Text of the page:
your corporation is being received by your community by the amount of donations/grants it has acquired.
My understanding is that the IRS is trying to judge if your organization is viable and has a future and the
best way to prove this to the IRS is to show you have a successful past lasting at least 4 years, or that you
are receiving tons of monetary support from the public. The advanced ruling that new organizations are
seeking gives your new corporation a 5-year window to establish a track record for the IRS.
The IRS wants to know if your organization is operating (or going to operate) in an ethical
manner, and wants to know if it is tied to other organizations or “disqualified” people, or intends to
engage in transactions with political or other exempt organizations (other than 501(c)(3)
organizations) or has financial ties with others? The IRS also wants to know if you have a
membership (and by extension dues) or don’t have members (i.e. an Association)? Will your
organization be dabbling in politics? How do you intend to do business – what your goals are,
and how will you intend to proceed to accomplish them? Will you treat everyone fairly and
equally?

You will need to file Form 1023 within 15 months of forming your corporation – if you take longer,
you will have to give good excuses. You and your corporation will wish to qualify “as receiving a
substantial part of its support in the form of contributions from publicly supported organizations,
from a governmental unit, or from the general public”. If you have been in business for over 4
years – you must know what you are doing, so follow the instructions; if you are new to this you
want an “advanced ruling.”

The IRS will want a Statement of Revenue and Expenses and a Balance Sheet. Since you will
have been in business for only a couple of months and you do not have much money, only the
current year should reflect real revenue and expenses. The IRS will also want a budget of what
you intend to receive and spend for the next two years. A fee of $500 is charged by the IRS,
however there is an option for only a $150 fee. You will need to certify that you are a small
organization and intend to remain that way for four years with gross receipts not averaging more
than $10,000 during that time period. I suggest that you do not limit yourself in this way and be
prepared to write a check for the full amount. The IRS will want a “conformed copy”. This is a
signed copy of your Articles of Incorporation (see the first step), a copy of your By-Laws, and a
certificate stating you are in good standing as a corporation with your state.


People, Money and Conflict of Interest

    I have been told anecdotally that we have personally experienced, in what has been
characterized as common for naïve and basically ignorant beginning organizations, the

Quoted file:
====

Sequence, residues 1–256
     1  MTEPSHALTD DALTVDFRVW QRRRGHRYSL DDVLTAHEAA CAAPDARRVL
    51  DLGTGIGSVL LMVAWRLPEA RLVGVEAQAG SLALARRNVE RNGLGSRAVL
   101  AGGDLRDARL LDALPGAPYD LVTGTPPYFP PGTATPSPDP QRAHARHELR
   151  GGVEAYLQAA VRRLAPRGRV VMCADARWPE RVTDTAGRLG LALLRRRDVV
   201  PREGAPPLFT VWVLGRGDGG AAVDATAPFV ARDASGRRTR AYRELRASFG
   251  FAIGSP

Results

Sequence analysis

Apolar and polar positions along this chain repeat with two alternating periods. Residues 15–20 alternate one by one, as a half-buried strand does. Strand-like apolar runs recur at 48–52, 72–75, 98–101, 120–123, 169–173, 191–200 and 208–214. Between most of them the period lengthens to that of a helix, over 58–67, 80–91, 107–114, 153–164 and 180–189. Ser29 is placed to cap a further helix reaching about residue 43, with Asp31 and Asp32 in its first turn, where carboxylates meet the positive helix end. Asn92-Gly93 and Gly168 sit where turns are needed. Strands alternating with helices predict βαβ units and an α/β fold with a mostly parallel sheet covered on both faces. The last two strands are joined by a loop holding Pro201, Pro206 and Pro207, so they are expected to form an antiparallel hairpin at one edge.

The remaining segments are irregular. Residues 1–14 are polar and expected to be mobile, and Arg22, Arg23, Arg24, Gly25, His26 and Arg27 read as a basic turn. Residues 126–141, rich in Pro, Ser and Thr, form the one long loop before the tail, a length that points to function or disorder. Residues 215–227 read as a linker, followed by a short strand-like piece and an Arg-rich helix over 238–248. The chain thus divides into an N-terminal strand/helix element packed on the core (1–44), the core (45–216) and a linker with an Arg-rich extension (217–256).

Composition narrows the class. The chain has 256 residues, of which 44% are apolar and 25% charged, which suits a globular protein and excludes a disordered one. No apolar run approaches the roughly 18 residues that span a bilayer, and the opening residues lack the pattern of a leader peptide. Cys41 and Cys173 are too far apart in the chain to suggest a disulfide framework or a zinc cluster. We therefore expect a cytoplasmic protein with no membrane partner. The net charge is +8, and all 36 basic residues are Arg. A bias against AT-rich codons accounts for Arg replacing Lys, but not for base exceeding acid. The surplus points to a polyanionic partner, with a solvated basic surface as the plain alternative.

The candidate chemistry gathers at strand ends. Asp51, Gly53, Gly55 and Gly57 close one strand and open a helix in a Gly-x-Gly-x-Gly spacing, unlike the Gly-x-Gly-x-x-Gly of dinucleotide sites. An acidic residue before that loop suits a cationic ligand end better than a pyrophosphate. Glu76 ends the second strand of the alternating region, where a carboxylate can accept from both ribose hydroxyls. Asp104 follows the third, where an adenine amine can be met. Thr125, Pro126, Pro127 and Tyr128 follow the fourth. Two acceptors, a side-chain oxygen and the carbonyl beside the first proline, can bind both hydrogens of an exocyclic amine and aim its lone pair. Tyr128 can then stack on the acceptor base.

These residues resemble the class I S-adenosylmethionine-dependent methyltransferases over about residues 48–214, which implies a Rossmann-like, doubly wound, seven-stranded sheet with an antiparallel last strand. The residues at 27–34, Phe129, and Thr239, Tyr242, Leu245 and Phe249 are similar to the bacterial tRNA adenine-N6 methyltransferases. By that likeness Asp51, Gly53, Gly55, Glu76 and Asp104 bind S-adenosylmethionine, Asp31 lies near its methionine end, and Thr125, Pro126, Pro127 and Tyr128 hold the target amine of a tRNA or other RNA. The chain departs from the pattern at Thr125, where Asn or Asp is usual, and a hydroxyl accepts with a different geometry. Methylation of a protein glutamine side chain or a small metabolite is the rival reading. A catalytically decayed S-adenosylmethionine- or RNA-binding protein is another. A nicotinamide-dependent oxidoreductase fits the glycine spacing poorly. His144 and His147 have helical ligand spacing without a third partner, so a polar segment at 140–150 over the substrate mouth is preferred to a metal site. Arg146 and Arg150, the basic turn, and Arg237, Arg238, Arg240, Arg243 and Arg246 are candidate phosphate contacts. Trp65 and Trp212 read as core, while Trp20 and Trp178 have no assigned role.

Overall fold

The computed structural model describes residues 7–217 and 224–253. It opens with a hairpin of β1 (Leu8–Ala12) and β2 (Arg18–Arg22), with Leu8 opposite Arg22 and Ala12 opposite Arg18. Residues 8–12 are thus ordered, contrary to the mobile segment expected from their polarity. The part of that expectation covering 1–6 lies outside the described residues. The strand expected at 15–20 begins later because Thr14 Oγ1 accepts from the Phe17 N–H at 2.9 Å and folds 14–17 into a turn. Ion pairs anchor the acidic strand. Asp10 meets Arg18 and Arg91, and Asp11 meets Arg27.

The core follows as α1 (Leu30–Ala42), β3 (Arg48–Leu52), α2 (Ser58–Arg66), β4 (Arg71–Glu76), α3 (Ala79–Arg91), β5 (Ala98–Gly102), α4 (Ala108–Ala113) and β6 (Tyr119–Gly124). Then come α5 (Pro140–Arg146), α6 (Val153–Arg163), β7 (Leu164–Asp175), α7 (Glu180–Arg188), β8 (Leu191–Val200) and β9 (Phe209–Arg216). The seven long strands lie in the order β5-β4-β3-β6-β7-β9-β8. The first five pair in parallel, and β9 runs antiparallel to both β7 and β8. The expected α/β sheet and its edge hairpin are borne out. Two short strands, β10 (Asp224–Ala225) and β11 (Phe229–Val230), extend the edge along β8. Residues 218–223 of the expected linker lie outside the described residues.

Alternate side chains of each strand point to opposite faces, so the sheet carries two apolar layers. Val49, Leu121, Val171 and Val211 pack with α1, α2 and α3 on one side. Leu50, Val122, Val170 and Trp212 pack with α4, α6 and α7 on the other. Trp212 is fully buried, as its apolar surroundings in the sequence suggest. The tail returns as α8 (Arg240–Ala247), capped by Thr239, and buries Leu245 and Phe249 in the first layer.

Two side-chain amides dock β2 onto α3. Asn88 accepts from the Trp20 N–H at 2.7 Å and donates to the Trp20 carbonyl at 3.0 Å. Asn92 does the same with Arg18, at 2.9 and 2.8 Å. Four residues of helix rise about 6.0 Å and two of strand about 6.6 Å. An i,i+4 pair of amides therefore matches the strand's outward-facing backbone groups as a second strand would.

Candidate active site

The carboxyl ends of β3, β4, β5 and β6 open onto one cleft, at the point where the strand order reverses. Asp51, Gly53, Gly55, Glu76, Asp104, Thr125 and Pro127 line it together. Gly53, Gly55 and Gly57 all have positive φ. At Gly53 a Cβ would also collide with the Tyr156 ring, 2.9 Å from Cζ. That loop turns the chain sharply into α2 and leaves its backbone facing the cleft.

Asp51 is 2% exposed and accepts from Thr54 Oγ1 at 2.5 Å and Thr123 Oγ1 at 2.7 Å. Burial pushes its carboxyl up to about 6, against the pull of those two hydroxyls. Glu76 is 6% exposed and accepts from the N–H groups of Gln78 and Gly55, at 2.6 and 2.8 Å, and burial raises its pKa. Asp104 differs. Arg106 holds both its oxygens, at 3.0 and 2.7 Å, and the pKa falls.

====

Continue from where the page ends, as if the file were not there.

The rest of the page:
separation of fools from their money. When personal self-interest comes in conflict with the
organization’s interests as a whole – this is a “conflict of interest”. You would think that this would
be easy to identify before it occurs. Our experience is that it is not.

Our experience had a very motivated, dedicated, and resourceful individual who intentions were
mostly positive, but attempt to shape the organization in such a way as to create a salaried role
for himself. The individual was volunteering his own time and was being reimbursed for
expenses, but was also trying to create a structure where a percentage of donated or grant
monies be set aside for “salary and operating” expenses. This of course takes needed money
away from the goal of your organization.

So how does your group avoid these pit falls? Some suggestions are:

        Distribute power as broadly as possible – by having more than the minimum required
        number of directors for your corporation. Do not allow your group to abdicate
        responsibility to only one individual. The more fingers in the pot, the more difficult to
        manage, but also the individuals most likely to be attracted to unilateral power will not see
        an opportunity and either become productive members of the organization or leave.

        Distribute the workload as broadly as possible – by encouraging people to form
        subcommittees to see the work gets done. It isn’t fair to expect one person to accomplish
        the entire process. If he/she is good hearted and committed to your ideals you may lose
        them due to the demands. The broad distribution of work will increase the management
        problems, and things that are necessary may not get done quickly or at all. A strong
        leader is needed to make sure all the jobs at hand are specified and with time limits.

    As a loose knit committee, take time to set ground rules for money, time and effort. Agree
up-front that the seed money will only be used to pay for certain ‘group’ determined items. If
unanticipated expenses come up and are not part of your group’s list, then develop a system
where the individual must get prior approval from the committee. Establish budgets for
acceptable expenses to keep costs within reasonable limits. When the budgeted amounts are
spent, your group will either find new contributions to cover new expenditures or decide not to
spend for that category.

In the End,

     Good Luck – and don’t give up. If you do, you will know it wasn’t worth doing in the first
place. You can find out more about the Greater Eastern Jemez Wildland Urban Interface by
visiting our website at www.jemez.org/mitigation or if you have questions contact me via email at
abcooke@sulphurcanyon.com.